The key element of the day’s program was a conference on the prophetic role of consecrated persons in awakening the world to Christ (above). In a presentation that took about an hour, Fr. Pascual he summarized reflections that filled 13 single-spaced pages (which he gave out to those present). His audience much appreciated both the oral summary and the written text, which will continue to supply fodder for meditation.

The day’s schedule also included Mass, a meeting of the Rector Major emeritus with SDBs and FMAs in formation, a question-and-answer period for everyone, opportunity for the sacrament of Reconciliation, and dinner.

Fr. Pascual’s address to the entire group picked up on Pope Francis’s message to the Union of Superiors General: today’s religious must be witnesses of Christ to the whole world; they must go out to the peripheries of society to reach everyone with the Gospel. He repeated what he has often said, that consecrated life begins with God’s loving those whom he chooses and calls, and the consecrated person responds to that love. He continued by emphasizing the call to holiness through love for God and neighbor, i.e., to have the mind, the heart, and the sentiments of Jesus; when one is holy, he or she will be happy.

In his meeting with the young confreres and sisters (below), Fr. Pascual addressed formation issues and took questions; his key messages to them were that they should live wisely, reflect deeply, and love generously, and that Jesus is worthy of one’s whole life.


The day’s Mass was a votive Mass of Mary Help of Christians with Marian-themed readings. Fr. Pascual began his homily on John 2:1-11 by observing that for Don Bosco “Mary wasn’t a devotion but a living presence.” He urged confreres, sisters, and affiliated Salesians to give themselves to her docilely, heed her advice to listen to her Son, and to direct others also to him. In imitation of Mary at Cana, sharing in the joy of a couple’s wedding and fearing their embarrassment, Salesians need to be with people in all the joys and sorrows of their lives, he said. In those joys and sorrows, and in all of life, our concern must be to discern Jesus’ presence because he’s the one who can address life’s problems.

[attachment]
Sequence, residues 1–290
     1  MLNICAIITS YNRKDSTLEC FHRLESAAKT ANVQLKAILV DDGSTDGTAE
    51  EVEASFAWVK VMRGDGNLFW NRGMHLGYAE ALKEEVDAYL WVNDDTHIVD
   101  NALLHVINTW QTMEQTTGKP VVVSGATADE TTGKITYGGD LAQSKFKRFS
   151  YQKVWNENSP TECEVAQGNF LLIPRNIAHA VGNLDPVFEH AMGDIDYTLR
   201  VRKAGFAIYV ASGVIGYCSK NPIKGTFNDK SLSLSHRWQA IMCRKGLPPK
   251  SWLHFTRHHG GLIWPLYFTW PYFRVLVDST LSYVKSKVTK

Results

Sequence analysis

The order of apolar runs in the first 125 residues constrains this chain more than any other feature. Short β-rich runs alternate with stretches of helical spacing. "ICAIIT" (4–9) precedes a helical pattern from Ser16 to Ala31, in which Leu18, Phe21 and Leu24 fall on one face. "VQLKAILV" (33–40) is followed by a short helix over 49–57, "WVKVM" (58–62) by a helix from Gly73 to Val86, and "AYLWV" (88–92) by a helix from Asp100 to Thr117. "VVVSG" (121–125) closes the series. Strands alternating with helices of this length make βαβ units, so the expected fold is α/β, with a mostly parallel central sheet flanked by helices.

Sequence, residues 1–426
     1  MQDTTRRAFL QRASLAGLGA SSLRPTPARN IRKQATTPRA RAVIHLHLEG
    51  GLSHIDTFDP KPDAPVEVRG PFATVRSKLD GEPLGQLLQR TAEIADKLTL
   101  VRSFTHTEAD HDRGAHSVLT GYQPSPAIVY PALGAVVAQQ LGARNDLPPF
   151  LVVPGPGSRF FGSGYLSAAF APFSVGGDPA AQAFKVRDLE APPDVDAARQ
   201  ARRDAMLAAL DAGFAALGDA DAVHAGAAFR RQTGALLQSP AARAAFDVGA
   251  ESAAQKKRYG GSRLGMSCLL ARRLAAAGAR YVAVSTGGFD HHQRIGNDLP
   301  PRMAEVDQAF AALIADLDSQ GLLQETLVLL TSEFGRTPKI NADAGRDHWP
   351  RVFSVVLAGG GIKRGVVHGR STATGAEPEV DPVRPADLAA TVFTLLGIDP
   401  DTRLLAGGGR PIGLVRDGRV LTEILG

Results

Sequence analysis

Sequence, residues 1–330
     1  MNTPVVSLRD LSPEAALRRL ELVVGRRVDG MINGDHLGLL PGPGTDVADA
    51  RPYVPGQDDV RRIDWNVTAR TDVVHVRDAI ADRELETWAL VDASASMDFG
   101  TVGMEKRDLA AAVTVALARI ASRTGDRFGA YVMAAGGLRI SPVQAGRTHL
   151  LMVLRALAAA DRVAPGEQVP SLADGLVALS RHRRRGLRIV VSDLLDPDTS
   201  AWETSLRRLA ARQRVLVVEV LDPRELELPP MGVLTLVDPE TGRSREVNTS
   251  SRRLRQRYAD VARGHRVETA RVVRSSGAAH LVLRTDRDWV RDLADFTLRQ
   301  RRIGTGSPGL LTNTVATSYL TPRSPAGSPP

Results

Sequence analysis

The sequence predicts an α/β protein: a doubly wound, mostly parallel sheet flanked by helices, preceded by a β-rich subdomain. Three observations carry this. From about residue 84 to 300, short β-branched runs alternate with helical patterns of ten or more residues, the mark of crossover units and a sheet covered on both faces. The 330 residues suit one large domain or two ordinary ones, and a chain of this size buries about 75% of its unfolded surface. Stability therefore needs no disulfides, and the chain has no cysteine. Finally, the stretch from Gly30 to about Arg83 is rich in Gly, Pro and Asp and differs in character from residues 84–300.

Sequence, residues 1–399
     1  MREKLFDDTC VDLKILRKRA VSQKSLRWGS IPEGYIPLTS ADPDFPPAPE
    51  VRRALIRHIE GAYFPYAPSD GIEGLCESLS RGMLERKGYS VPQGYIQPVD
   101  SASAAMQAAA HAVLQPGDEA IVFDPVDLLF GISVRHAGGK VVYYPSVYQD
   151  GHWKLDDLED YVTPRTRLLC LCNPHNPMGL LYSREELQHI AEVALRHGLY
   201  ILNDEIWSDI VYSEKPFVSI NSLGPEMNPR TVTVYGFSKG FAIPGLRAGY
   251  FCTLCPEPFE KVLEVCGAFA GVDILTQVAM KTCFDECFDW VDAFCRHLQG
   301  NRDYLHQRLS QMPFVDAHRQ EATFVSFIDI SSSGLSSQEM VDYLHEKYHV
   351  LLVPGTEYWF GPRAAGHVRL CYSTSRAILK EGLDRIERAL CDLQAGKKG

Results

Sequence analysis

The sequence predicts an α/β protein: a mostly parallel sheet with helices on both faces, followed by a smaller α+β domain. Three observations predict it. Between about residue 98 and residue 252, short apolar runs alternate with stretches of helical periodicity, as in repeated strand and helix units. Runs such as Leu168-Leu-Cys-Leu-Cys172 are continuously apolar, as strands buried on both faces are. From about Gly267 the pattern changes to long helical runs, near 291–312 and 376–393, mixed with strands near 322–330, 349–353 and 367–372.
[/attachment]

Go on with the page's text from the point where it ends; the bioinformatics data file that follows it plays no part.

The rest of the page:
Fr. Pascual also noted that after pointing the wedding servants to Jesus (2:5) she disappeared from the scene. The message there, he said, is that our proper focus always must be on Jesus.

Finally, he advised Christians to be believers who are credible in their actions and words; that’s how we can lead others to faith in Jesus, as Mary helped lead the disciples of Jesus to begin to believe in him (2:11).

Your faithful blogger had to depart North Haledon after the session with the SDBs and FMAs in formation in order to fulfill his duties as a Boy Scout chaplain.